Effective Field Goal Percentage (eFG%): This is similar to TS%, but takes 3-point shooting more into account. The formula is FGM + (0.5 * 3PM) / FGA
So think of TS% as scoring efficiency, and eFG% as shooting efficiency, more here.
Expected Offensive Rebounds: Measured based on the average rebounds a college basketball team gets on both the defensive and offensive end. This takes the overall number of missed shots (or shots available to be rebounded) and divides them by the number of offensive rebounds and compares them with the statistical average.
AdjGS: A take-off of the Game Score metric (definition here) accepted by a lot of basketball stat nerds. It takes points, assists, rebounds (offensive & defensive), steals, blocks, turnovers and fouls into account to determine an individual’s “score” for a given game. The “adjustment” in Adjusted Game Score is simply matching the total game scores to the total points scored in the game, thereby redistributing the game’s points scored to those who had the biggest impact on the game itself, instead of just how many balls a player put through a basket.
%Min: This is easy, it’s the percentage of minutes a player played that were available to them. That would be 40 minutes, or 45 if the game goes to overtime.
Usage%: This “estimates the % of team possessions a player consumes while on the floor” (via sports-reference.com/cbb). The usage of those possessions is determined via a formula using field goal and free throw attempts, offensive rebounds, assists and turnovers. The higher the number, the more prevalent a player is (good or bad) in a team’s offensive outcome.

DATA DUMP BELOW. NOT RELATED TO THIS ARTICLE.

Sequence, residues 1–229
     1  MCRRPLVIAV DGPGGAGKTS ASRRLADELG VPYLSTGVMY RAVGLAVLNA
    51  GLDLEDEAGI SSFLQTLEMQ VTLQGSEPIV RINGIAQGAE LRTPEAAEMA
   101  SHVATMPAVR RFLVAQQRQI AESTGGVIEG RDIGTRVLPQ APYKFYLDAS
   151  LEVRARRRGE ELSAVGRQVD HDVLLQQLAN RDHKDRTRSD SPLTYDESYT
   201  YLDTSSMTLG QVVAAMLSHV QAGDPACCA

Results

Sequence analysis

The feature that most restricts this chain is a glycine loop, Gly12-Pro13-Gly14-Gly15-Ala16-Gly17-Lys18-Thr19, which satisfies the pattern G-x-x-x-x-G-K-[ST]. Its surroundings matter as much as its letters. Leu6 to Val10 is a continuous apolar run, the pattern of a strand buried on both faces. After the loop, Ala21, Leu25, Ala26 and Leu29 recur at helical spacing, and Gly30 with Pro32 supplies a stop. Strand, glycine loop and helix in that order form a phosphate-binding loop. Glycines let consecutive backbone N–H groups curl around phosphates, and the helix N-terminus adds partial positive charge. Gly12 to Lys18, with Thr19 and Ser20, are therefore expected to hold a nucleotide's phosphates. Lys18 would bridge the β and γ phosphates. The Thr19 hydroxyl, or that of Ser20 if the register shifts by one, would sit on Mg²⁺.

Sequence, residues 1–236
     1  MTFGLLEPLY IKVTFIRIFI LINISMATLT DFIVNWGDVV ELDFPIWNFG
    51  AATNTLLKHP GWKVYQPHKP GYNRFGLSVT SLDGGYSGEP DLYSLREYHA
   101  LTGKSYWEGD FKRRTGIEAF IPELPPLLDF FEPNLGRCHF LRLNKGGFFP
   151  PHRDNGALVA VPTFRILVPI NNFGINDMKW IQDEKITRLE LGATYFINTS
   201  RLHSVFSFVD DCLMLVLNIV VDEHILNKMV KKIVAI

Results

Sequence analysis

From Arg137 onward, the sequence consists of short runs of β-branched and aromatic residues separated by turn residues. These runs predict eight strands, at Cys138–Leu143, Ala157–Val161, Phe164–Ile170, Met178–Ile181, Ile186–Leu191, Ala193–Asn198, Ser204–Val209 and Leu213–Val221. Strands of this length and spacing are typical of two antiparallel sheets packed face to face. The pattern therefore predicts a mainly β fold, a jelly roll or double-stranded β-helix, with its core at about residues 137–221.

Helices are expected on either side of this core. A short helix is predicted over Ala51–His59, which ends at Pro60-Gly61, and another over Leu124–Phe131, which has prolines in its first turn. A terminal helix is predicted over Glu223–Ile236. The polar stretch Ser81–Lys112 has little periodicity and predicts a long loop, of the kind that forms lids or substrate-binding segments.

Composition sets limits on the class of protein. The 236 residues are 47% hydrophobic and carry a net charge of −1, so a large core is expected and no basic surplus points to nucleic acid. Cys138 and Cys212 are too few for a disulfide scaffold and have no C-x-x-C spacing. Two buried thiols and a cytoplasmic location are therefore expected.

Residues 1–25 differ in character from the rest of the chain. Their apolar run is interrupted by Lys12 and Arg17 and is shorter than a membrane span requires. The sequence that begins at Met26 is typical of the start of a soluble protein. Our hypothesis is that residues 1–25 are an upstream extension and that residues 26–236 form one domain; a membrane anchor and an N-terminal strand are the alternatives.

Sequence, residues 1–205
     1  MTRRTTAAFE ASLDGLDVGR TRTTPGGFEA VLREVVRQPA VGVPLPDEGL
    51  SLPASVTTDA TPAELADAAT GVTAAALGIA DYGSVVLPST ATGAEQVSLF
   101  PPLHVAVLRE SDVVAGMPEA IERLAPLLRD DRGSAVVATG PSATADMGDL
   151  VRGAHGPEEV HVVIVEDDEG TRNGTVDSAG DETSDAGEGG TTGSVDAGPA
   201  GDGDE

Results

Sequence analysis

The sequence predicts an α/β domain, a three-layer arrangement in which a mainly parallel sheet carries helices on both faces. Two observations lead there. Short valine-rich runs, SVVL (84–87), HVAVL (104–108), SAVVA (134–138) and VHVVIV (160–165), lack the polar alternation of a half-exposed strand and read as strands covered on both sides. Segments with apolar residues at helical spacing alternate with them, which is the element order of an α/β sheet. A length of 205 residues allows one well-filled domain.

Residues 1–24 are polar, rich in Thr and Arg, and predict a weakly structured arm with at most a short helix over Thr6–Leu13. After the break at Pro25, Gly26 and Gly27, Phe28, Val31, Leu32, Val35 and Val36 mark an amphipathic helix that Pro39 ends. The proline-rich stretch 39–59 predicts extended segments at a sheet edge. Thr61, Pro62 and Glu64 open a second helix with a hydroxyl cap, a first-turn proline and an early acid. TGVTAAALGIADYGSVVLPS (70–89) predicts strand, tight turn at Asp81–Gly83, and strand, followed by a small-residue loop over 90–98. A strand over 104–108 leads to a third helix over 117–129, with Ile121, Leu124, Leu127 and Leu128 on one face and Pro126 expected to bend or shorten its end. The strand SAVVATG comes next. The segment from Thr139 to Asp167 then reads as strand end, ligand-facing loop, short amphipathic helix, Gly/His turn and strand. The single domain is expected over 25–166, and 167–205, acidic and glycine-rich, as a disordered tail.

Offensive Rating (ORtg): Similar to Adjusted game score, but this looks at how many points per possession a player would score if they were averaged over 100 possessions. This combined with Usage Rate gives you a sense of impact on the floor.
IndPoss: This approximates how many possessions an individual is responsible for within the team’s calculated possessions.
ShotRate%: This is the percentage of a team’s shots a player takes while on the floor.
AstRate%: Attempts to estimate the number of assists a player has on teammates made field goals when he is on the floor. The formula is basically AST / (((MinutesPlayed / (Team MP / 5)) * Team FGM) - FGM).
TORate%: Attempts to estimate the number of turnovers a player commits in their individual possessions. The formula is simple: TO / IndPoss
Floor%: Via sports-reference.com/cbb: Floor % answers the question, “When a Player uses a possession, what is the probability that his team scores at least 1 point?”. The higher the Floor%, the more frequently the team probably scores when the given player is involved.
Touches/Possession : Using field goal attempts, free throw attempts, assists and turnovers, touches attempt to estimate, “the number of times a player touched the ball in an attacking position on the floor.” Take the estimated touches and divide it by the estimated number of possessions for which a player was on the court, and you get a rough idea of how many times a player touched the ball in a given possession. For point guards, you’ll see the number in the 3-4 range. For shooting guards and wings, 2-3. For an offensively limited center, 1.30. You get the idea. Anyway, using the Touches figure, we can estimate the percentage of time a player “in an attacking position” passes, shoots, turns the ball over, or gets fouled.
In attempting to update Study Hall, I’m moving away from Touches/Possession and moving into the Rates a little more. This is a little experimental so if there’s something you’d like to see let me know and I’ll see if there’s an easy visual way to present it.